In tough economic times, your company has two goals: 1) conserve cash internally, and 2) generate new cash from outside. You can contribute to both these objectives and come to the aid of your bleeding company by modifying the way your team operates.
The oldest strategy is the best
How can you, from where you sit in IT development, bring additional cash into the company? Your role is generally that of an accommodator, not a business strategist. But you can use the oldest strategy of all: diversify. Present yourself to senior management anew. State that you see the company’s peril and that you’re willing to lay yourself and your team on the line to see it through.
How? Well, of all the departments in your company, isn’t yours the one filled with professionals whose job it is to create? Go entrepreneurial—fill your team’s downtime and unbudgeted hours with contract work. Do it aggressively, do it with company resources, turn a profit, and offer the profit back to the company.
Ridiculous? Not at all. The infrastructure needed to do the job is already in place. All you need is permission to use it. Concerned about competing against established contract groups? Why? In the age of the Internet, you can successfully bid for contract work in a matter of weeks, not months. Barriers to entry are almost nonexistent. And you can afford to bid low, since you’re not actually gathering operating capital.
The Internet takes most of the work out of tracking down consulting contracts. The best way to find a good match for your team’s skill set is to search out consulting clearinghouses on the Web, based on your group’s platform. For instance, if you’re an Oracle shop, seek out consulting sites that cater to the Oracle user base. An even faster way to go into the consulting business is to seek out bidding sites on which clients have already posted their system design needs for you to review.
I’ve done this twice, once in a software development group and once in an engineering group. Both times, the income was modest—$25,000 here, $60,000 there—but it was enough to justify my team’s payroll and then some.
What about conserving your company’s internal cash? You can do this primarily by spending what’s already allocated and adding value to the expenditure. Where is this money? It’s in your maintenance and support budgets. If you’re a typical vendor, the balance is over on the support side rather than the maintenance side: Customers are probably paying for support, and bug-fix updates are probably sent out for free and done grudgingly.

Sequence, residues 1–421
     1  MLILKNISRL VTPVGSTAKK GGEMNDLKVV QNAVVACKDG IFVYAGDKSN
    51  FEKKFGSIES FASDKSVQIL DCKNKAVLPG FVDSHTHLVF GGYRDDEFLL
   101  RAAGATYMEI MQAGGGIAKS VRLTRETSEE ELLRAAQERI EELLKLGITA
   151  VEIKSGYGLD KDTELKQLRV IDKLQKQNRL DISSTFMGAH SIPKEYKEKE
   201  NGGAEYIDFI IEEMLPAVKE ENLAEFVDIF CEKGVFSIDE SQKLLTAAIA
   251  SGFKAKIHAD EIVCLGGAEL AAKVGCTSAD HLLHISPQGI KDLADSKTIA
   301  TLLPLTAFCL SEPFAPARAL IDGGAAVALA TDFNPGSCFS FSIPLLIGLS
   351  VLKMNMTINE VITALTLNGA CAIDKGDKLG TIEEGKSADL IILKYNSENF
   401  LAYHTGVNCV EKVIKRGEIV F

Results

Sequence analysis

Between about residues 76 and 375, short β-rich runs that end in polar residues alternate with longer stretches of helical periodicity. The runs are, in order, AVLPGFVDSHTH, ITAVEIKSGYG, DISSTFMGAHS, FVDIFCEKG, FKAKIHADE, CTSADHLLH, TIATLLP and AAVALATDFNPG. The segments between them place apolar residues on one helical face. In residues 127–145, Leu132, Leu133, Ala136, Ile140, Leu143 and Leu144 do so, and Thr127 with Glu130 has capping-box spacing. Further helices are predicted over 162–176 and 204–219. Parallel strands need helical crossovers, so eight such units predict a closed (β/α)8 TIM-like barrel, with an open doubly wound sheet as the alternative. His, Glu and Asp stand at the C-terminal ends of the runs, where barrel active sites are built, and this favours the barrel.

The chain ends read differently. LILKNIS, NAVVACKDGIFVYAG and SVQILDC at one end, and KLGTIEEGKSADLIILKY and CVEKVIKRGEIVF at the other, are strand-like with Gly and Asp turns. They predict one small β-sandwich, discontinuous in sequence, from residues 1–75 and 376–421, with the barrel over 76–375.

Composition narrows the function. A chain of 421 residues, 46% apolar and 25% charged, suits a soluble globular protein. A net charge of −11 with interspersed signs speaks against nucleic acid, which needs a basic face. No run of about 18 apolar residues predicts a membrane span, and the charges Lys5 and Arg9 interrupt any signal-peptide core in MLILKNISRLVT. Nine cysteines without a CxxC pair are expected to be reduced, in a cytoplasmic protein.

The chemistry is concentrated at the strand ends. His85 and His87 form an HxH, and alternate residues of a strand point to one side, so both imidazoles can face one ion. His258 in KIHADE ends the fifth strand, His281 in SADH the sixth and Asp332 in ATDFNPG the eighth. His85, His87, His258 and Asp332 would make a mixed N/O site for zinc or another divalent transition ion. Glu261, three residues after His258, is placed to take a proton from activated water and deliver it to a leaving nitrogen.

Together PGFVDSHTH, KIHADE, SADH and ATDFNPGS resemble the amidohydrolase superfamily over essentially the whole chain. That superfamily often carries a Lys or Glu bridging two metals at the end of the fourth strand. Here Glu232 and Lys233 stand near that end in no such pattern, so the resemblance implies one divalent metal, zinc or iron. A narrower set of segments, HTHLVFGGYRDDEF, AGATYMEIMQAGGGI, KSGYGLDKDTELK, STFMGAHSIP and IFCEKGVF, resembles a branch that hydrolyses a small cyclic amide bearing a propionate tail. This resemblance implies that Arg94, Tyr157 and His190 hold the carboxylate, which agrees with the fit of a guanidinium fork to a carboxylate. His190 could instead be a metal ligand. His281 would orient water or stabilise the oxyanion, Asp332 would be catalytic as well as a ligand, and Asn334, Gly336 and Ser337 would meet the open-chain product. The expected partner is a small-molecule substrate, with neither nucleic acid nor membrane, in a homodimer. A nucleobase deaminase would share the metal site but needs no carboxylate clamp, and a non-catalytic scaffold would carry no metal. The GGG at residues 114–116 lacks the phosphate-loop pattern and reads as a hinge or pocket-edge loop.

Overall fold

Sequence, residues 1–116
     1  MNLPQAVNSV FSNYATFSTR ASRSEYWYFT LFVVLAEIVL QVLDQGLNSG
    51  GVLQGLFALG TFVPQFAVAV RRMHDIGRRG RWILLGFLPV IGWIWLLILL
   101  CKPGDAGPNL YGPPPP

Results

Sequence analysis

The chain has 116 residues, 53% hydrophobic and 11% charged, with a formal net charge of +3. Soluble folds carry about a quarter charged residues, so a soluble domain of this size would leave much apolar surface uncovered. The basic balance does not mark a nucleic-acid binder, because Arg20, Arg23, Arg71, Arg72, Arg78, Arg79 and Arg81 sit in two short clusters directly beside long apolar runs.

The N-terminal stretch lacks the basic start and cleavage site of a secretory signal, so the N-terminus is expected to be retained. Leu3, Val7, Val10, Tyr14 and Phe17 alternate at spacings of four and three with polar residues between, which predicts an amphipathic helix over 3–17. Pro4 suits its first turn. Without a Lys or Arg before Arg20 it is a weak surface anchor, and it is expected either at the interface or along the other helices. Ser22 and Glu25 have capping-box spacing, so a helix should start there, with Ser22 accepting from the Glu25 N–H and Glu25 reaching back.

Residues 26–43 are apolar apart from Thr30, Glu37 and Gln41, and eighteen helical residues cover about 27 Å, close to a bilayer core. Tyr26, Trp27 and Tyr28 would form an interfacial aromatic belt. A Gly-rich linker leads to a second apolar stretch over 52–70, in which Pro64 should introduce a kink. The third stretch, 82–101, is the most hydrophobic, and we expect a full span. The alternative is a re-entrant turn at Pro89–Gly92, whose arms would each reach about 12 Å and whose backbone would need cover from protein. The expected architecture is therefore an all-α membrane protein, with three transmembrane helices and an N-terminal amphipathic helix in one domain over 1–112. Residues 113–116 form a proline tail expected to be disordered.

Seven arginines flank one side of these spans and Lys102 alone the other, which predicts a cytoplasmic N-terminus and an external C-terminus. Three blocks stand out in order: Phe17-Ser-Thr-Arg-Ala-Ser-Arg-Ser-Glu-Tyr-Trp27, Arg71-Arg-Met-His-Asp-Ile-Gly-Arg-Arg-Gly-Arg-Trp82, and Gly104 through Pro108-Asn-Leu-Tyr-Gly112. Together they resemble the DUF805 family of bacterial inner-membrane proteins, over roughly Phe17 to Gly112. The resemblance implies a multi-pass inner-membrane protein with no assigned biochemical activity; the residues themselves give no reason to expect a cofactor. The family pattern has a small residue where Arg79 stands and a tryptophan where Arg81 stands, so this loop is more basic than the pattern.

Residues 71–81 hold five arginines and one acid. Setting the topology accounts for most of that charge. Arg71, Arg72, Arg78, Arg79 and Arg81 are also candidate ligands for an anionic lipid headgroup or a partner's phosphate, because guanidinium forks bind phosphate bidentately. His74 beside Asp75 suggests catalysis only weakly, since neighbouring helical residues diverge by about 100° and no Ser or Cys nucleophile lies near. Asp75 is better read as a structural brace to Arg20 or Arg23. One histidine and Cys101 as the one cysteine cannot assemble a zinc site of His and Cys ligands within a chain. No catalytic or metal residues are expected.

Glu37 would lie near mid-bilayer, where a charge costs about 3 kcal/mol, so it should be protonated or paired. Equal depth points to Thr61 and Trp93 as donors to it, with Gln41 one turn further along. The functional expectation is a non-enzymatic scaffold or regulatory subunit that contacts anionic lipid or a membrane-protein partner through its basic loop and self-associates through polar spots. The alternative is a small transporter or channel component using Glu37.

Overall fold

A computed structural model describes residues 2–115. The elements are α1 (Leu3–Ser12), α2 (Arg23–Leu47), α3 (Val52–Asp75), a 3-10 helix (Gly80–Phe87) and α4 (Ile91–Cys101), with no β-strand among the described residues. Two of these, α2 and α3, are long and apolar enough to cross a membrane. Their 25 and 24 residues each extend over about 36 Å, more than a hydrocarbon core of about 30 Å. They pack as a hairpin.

Here’s a new spin: Try progressive maintenance rather than bug-hunts. This comes from the pre-Windows days when GUI was achieved only at great cost in time and effort, and programmers needed to be reeled in constantly in order to produce stable products.
The progressive maintenance concept is simple: When routinely combing code for an update, your operational imperative is “simplify.” Instead of putting things in, take things out. Both internally and functionally, your team should be carving down the product.
This runs against the instincts of most programmers, of course, but the justification is almost effortless. Point out to your people the difference between buying from Amazon.com two years ago, when a purchase took them through four or five screens, and today, when the same purchase takes only two. Leaner and meaner is what the customer wants. And if you bring your marketing department in on the plan, you can achieve a significant product enhancement without a lengthy and costly design phase. You can use maintenance funds, in record time, simply by taking things out rather than putting things in. And the customer might even be willing to pay extra for it!
Upper management will welcome your willingness to protect the bottom line through cash-handling strategies. And you’ll be preserving your company’s greatest assets: its people.
Surviving in tough times?
What do you do to make the dev team more entrepreneurial in tough economic times? Post a comment below or drop us an e-mail.
Scott Robinson is a 20-year IT veteran with extensive experience in business intelligence and systems integration. An enterprise architect with a background in social psychology, he frequently consults and lectures on analytics, business intelligence and social informatics, primarily in the health care and HR industries.